When a realistic value is measured, the processor then calculates a scale factor to scale the PWM values and produce 48 a new set of PWM values based upon the measured motor voltage sample. These updated set of PWM values are stored 50 in the PWM table. This calculation is achieved, for example, by having the microprocessor 22 calculate the motor control current from the scaled down version of the measured voltage. A scale factor that depends upon the sensitivity of the motor current to the motor supply voltage is calculated by the microprocessor. Driving parameters in the controller are then adjusted to account for the scale factor. The microprocessor 22 then multiplies the measured power supply voltage to obtain a scale factor that can then be multiplied by the nominal PWM values to obtain the new PWM values.
The scale factor calculation by the microprocessor 20 may be tailored to suit particular desirable operating conditions of the stepper motor 14. As an example, it is often desirable to have the first few PWM values in a set saturated at maximum to increase the speed of operation of the motor. A preferred implementation of the scale factor calculation would be different depending upon whether a gain or attenuation is being compensated for in scaling PWM values. If it is assumed that the actual maximum PWM value is 255, for example, a first few PWM values in a set would be set a maximum of 255, while others would be set at a maximum of 254, slightly less than the actual potential maximum value. Then, if an adjustment is made to increase PWM values and newly scaled PWM values are greater than 255, then the scaled value is saturated at 255. If the adjustment is to decrease and the original PWM value is 255, it is left at 255 to preserve the initial acceleration in a motor movement. However, if the adjustment is to decrease and the original PWM value is less than 255, than a scaling is conducted. This allows certain values (near the leading edge of a current waveform) to be left at a saturated value to preserve initial motor acceleration in a movement (by reducing motor current rise time), while allow for the compensation of motor supply voltage in remaining values. Such an algorithm ensures that scaled values exceeding the maximum are saturated at the maximum value (255 in this case). Of course, other variations to preserve certain values at or below saturation will be apparent to artisans.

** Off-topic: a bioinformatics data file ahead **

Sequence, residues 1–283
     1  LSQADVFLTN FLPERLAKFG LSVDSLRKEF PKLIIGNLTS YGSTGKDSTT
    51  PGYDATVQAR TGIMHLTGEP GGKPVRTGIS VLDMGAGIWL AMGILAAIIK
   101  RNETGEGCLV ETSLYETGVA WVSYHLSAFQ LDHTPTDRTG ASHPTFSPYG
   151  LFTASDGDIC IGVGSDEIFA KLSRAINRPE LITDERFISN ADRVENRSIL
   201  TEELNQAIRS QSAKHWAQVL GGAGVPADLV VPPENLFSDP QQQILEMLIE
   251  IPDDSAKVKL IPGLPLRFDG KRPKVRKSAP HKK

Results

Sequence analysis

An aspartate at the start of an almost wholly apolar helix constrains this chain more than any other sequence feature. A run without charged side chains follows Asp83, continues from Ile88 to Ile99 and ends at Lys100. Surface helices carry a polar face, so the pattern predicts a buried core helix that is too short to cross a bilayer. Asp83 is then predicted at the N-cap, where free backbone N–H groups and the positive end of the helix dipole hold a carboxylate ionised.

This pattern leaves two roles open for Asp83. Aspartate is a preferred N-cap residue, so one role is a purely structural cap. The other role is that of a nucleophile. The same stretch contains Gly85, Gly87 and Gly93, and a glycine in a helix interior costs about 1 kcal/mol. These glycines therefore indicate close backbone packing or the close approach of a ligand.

While various embodiments of the present invention have been shown and described, it should be understood that other modifications, substitutions and alternatives are apparent to one of ordinary skill in the art. Such modifications, substitutions and alternatives can be made without departing from the spirit and scope of the invention, which should be determined from the appended claims.
Various features of the invention are set forth in the appended claims.
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|U.S. Classification||318/696, 388/930, 318/799, 318/430, 318/798, 388/906, 318/431, 318/685, 318/815, 318/800|
|International Classification||G05B19/40, H02P8/14|
|Cooperative Classification||Y10S388/93, Y10S388/906, G05B19/40, H02P8/14|
|European Classification||H02P8/14, G05B19/40|
|Apr 2, 2001||AS||Assignment|
Owner name: HEWLETT-PACKARD COMPANY, COLORADO
Free format text: ASSIGNMENT OF ASSIGNORS INTEREST;ASSIGNORS:VANLYDEGRAF, CURT;GOTHARD, STEVE;KRANZ, STEVE;AND OTHERS;REEL/FRAME:011708/0648;SIGNING DATES FROM 20010110 TO 20010129
|Feb 27, 2006||FPAY||Fee payment|
Year of fee payment: 4
|Apr 5, 2010||REMI||Maintenance fee reminder mailed|
|Aug 27, 2010||LAPS||Lapse for failure to pay maintenance fees|
|Oct 19, 2010||FP||Expired due to failure to pay maintenance fee|
Effective date: 20100827